State may have compromised 1,800 social security numbers, belonging to children. Thousands at risk nationally.
In a press release dated July, 15, 2005, Utah Attorney General Mark Shurtleff announced that five people have been charged---and hundreds more may be charged----with stealing and forging social security numbers belonging to children.
"Operation Protect the Children" is a joint investigation by the Utah Attorney General's Office, Office of Inspector General for the Social Security Administration and U.S. Immigration and Customs Enforcement. The ongoing investigation has uncovered an alarming new crime spree involving illegal aliens and identities stolen from victims under the age of 12.
"Identity thieves are no respecters of age. They will steal your children's ID, ruin their credit and hurt them in ways never thought possible before they can graduate from grade school," says Attorney General Mark Shurtleff. "Children are vulnerable even if parents do everything right."
Investigators checked Utah state records and found that approximately 1,800 social security numbers, belonging to children under of 13, may have been compromised.
"Everyone is doing everything possible to protect the identities of children," says Resident Agent in Charge Ron Ingleby, Office of Inspector General for the SSA. "Identity thieves could get away with destroying a child's credit for years unless we stop them."
The suspects allegedly used the young victim's social security numbers to get jobs, start businesses and open bank accounts. Investigators found some unbelievable work situations based on the social security numbers, including:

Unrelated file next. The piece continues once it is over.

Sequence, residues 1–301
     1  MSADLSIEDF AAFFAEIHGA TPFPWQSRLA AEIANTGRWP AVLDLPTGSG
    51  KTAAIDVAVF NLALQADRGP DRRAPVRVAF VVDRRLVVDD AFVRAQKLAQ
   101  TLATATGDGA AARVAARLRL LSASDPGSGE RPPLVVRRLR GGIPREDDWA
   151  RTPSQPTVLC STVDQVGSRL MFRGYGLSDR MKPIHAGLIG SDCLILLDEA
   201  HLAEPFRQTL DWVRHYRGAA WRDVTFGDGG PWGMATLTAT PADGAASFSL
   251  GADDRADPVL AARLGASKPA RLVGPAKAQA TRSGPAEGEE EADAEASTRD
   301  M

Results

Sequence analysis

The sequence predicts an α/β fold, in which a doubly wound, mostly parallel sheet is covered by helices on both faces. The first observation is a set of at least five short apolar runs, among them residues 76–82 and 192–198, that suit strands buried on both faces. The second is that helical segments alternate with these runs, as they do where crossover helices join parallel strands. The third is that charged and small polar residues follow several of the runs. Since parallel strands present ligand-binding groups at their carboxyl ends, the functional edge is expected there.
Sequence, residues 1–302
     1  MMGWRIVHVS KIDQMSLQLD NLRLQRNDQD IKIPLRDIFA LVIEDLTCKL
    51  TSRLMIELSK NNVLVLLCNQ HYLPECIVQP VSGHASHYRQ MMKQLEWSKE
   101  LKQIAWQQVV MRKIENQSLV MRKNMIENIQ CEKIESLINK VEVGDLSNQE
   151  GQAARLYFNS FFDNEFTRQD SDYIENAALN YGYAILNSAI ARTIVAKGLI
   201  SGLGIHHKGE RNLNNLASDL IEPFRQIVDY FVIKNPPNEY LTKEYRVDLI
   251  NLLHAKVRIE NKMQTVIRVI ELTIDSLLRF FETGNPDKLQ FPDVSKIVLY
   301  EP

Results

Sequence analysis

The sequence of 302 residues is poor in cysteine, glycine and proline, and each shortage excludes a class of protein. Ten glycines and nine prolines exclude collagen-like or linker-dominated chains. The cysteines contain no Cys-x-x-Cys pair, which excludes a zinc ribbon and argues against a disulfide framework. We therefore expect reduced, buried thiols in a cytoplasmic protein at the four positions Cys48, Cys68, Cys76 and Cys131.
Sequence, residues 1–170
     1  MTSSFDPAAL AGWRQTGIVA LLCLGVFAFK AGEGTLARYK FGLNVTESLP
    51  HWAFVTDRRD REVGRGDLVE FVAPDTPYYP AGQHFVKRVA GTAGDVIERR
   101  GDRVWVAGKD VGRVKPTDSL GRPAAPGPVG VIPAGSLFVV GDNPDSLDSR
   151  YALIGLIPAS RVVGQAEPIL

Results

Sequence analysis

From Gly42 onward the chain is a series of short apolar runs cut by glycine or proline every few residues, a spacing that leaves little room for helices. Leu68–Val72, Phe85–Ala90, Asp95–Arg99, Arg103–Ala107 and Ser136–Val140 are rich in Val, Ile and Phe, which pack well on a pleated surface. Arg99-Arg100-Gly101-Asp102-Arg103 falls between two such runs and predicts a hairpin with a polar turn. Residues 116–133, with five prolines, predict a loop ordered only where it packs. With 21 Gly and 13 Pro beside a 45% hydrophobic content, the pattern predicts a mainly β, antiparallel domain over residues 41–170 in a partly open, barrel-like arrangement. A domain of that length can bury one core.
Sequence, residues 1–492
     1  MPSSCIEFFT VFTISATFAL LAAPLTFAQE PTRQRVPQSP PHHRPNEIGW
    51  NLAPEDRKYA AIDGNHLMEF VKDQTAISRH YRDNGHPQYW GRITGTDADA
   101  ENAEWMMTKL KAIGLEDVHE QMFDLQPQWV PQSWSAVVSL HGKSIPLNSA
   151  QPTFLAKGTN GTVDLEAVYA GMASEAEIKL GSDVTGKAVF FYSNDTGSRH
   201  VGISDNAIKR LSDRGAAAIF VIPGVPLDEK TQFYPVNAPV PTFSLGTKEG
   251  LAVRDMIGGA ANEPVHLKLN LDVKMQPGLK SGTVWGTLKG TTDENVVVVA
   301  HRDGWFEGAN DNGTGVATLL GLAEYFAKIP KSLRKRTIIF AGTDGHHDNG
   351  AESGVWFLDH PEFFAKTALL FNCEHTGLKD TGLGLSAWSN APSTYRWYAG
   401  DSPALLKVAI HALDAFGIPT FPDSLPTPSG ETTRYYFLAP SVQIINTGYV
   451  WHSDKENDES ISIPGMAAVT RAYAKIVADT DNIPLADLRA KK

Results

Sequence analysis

Social security numbers were also stolen from a 12-year old boy in Beaver and a 9-year-old boy in Orem. One suspect told investigators he paid $100 for a boy's social security number. All 5 suspects have been charged with third degree felony counts of identity fraud and forgery.
"It was shocking," says Kim Oakden, the mother of a 12-year-old victim. "My heck! I felt violated and I'm frustrated that it can happen so easily."
Not only do victims need to fix their credit, they may face problems if they apply for a school loan, Medicaid, food stamps or other government services.
Scott Smith didn't know his 5-year-old daughter was a victim until he asked about state health benefits. "It's frustrating," says Smith. "Now I need to do a credit check for my daughter to see what damage has been done." The suspect allegedly started using the girl's number when she was only 6 -months-old.
Researchers with News for Public Officials have found thousands of Social Security numbers belonging to children on state and county websites across the country.